Last Updated: Friday - 09/24/2010
Week of August 29, 2005
Evangelical bookstores open to Catholic materials
Ecumenical outlook lowers traditional barriers
By DEBORAH GYAPONG
Canadian Catholic News
Christian bookstores, often run by evangelicals who see their business as a ministry, are becoming increasingly open to selling Catholic books and products.
One Catholic distributor sees the changes as a sign of growing ecumenism, but it could also be a sign of pressure from U.S.-based retail giants like Wal-Mart and Costco.
Those retailers now see best-selling Christian fiction and non-fiction as hot commodities and are selling huge volumes of books like the popular Left Behind series or Rick Warren's A Purpose Driven Life, undercutting family-run businesses with discount prices.
Whatever the cause for the new openness, when Christian booksellers converge on Ottawa for the national convention of CBA Canada (Christian Booksellers' Association) Aug. 26-31, B. Broughton Company Ltd., the largest supplier of Catholic books and merchandise, will have three booths in prominent locations instead of the small, single booth Broughton's has occupied at previous regional CBA Canada conventions.
Broughton's national sales manager Stuart Sone said his company is selling to about 70 per cent of CBA stores now. Books are already a much easier sell, especially those by Catholic author Michael O'Brien, who will be showcased among other CBA authors from across North America.
Sone says five CBA bookstores recently cooperated on a promotion of O'Brien's apocalyptic literary thriller Father Elijah, selling more than 200 copies.
"We still have some customers who won't sell rosaries, or medals or statues, but it's changing," Sone said, noting that rosaries are sold inside First Communion sets in some of the stores that won't sell them separately.
"I think the Christian stores have finally seen the light, really, that they get Catholic customers in and they've been sending them away and throwing them to their competition," he said.
Leading the way for the sale of Catholic products is Les Reynolds of the Blessings Christian Marketplace, the largest chain with 27 stores across the country.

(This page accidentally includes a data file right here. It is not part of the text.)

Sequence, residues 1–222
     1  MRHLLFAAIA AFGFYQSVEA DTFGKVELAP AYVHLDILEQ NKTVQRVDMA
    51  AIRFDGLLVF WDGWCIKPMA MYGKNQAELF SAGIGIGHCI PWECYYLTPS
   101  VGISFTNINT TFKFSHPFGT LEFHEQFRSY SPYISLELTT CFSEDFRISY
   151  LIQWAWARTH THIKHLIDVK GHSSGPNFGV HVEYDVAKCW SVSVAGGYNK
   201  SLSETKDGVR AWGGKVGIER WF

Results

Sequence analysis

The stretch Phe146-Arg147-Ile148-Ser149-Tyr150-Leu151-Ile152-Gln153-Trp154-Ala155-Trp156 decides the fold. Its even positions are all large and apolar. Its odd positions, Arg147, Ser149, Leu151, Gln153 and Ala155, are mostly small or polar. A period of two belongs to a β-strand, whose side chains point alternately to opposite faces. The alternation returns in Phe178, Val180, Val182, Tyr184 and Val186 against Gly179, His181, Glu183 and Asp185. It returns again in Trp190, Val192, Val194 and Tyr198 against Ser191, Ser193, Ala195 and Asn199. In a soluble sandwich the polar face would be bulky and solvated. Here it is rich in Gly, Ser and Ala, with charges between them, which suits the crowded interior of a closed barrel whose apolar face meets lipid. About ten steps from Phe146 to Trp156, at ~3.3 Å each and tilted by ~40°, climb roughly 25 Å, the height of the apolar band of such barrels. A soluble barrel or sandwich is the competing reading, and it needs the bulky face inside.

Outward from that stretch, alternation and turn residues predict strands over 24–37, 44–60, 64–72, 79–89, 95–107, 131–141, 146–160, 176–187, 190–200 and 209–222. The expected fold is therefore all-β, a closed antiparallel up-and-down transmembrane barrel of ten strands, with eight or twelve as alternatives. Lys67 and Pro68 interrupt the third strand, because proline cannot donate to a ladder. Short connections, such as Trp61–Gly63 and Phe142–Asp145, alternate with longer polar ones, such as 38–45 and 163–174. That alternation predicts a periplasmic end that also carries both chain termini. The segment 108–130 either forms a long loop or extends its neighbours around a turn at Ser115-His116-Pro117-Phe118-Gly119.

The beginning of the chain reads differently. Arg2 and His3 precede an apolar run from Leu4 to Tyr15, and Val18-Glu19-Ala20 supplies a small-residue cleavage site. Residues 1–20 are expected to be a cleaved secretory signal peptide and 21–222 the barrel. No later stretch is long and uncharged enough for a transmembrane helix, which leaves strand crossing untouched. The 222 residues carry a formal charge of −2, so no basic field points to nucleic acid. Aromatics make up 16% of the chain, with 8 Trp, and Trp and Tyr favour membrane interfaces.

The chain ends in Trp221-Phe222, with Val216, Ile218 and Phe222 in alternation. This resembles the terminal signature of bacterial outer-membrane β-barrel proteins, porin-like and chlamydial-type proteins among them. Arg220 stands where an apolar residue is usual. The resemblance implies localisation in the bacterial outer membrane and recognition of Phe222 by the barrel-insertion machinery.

In a telephone interview, Reynolds said Blessings became involved five years ago when it opened a store to serve pilgrims - mostly Catholic aboriginal people - at Lac Ste. Anne, Alta.
Through that store, Blessings began building relationships in the Catholic community.
Reynolds says that even within evangelicalism there are differences that need to be overcome.
He admits that at first about 30 per cent of his people were uncomfortable with Catholic product. "We went through the process of educating our people."
Reynolds says the Catholic Church is also doing a better job explaining its doctrines and practices and "that's been a tremendous eye-opener for us."
"The challenge is that a lot of evangelical people have a mistaken idea of what things mean," he said.
CBA Canada executive director Marlene Coghlin says CBA Canada has always had "the welcome mat out" for Catholics.
Coghlin points out that several CBA suppliers such as Sperling's Church Supply, Novalis and Augsburg-Fortress also provide Catholic books and products. She attributes much of the growth in Catholic products to Sone's sales ability.
Both Sone and Coghlin acknowledge that some of the move to open up across denominational lines may also come from economic pressure from big retailers.
"That's a huge problem, the national chains carrying the books, and it's not so much they are losing the book sales, it's the incremental sales," Sone said. Usually when a customer comes in to buy a book, he or she will buy other books or products, too.
Sone said Costco approached Broughton's to make a deal after Cardinal Joseph Ratzinger was elected pope.
"We turned them down," Sone said. "It would have killed our other customers. We appreciate what our customers do for us. We are loyal to them."
Broughton's does sell to Chapters, but Chapters sells at the same retail price as the Christian and Catholic bookstores. "If they were undercutting the Ma and Pa stores, we wouldn't sell to them."
"Companies in the States are killing the market by selling to Wal-Mart," he said.
Coghlin says that what distinguishes CBA stores is excellence in customer service, personalized care and product knowledge.
"A mass marketer isn't going to know which Bible I should be looking for for my 16-year-old daughter," Coghlin said.
"The CBA retailer has ministry as the foundation of everything they are doing. The mass marketer is just selling," she said. "CBA retailers, they are the gatekeepers to the integrity of the message of the Gospel of Jesus Christ, whether put out through a Catholic or an evangelical store."